SBBT Interview: The Remarkable World of Rita Williams-Garcia
She one of the finest middle grade and teen novelists of her generation. She’s done everything from serving on the National Book Award Committee for Young People’s Literature, gaining her own National Book Award nomination, and generally churning out fantastic fare for young readers. And now, here in 2010, she has a book out (One Crazy Summer) that is perhaps the strongest middle grade novel of the year. I recently had the great good joy to get a chance to ask Ms. Williams-Garcia some questions of my own. She was kind enough to reply, giving us insight into the Black Panther movement, her own family, and thoughts on the possibility of a sequel to one of my favorite books . . .
Fuse #8: One thing I love about your book is how it breaks apart some of the historical misconceptions about the Black Panther party. I cannot help but notice that there is a strange lack of historical children’s fiction about The Black Panthers. Indeed, aside from your book and Kekla Magoon’s 2009 title The Rock and the River, I don’t think that any exist. Could you explain some of the challenges you faced in bringing that aspect of history to life?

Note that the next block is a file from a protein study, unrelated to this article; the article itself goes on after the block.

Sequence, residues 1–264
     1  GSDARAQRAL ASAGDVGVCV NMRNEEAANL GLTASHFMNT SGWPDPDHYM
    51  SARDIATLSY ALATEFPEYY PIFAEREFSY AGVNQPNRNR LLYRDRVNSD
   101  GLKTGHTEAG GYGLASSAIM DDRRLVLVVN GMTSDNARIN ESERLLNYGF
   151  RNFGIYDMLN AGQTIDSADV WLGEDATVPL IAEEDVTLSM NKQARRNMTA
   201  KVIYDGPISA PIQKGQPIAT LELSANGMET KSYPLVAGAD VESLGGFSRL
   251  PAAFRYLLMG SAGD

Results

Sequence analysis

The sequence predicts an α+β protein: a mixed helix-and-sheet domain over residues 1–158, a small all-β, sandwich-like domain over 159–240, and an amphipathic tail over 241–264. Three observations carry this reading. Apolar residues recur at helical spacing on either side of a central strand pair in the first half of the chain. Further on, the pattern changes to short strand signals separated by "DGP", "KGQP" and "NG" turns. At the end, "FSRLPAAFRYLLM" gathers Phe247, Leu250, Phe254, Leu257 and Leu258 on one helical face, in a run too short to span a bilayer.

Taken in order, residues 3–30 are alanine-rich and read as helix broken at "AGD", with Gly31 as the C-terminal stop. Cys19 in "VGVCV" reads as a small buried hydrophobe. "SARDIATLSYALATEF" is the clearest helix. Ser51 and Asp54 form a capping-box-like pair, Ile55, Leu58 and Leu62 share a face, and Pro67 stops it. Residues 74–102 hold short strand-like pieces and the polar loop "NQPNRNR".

Rita Williams-Garcia: It’s understandable that the Black Panther Movement wouldn’t share the same national recognition and celebration as the non-violent campaigns of the Civil Rights Era. For many, the Panthers embodied their fears of black rage; this angry, militant image was the only face attributed to the party. I had to negotiate between the national image of the Black Panther Party and their community presence. Make no mistake: The Black Panthers were about revolution and were prepared to offer a complete and vigorous defense of self and community. But they began free breakfast programs, shoes and clothing drives, Sickle Cell Anemia testing. They advocated fair housing practices, spearheaded neighborhood clinics, legal aid for the poor, and they established Liberation Schools for children. It was important to chose a time to tell the story, early enough in the movement, while the ideals were strong, and before internal strife and infiltration took its toll on the Black Panthers.
I was constantly weighing, balancing. For “this” I had to raise the reality or possibility of “that.” I relied on Delphine to keep me focused on what a child would have actually seen. But I also included Big Ma’s off stage commentary about those Panthers “stirring up trouble” to reflect that not everyone within the Black community was on board.
Fuse #8: Could you talk a bit about the research you did for the book?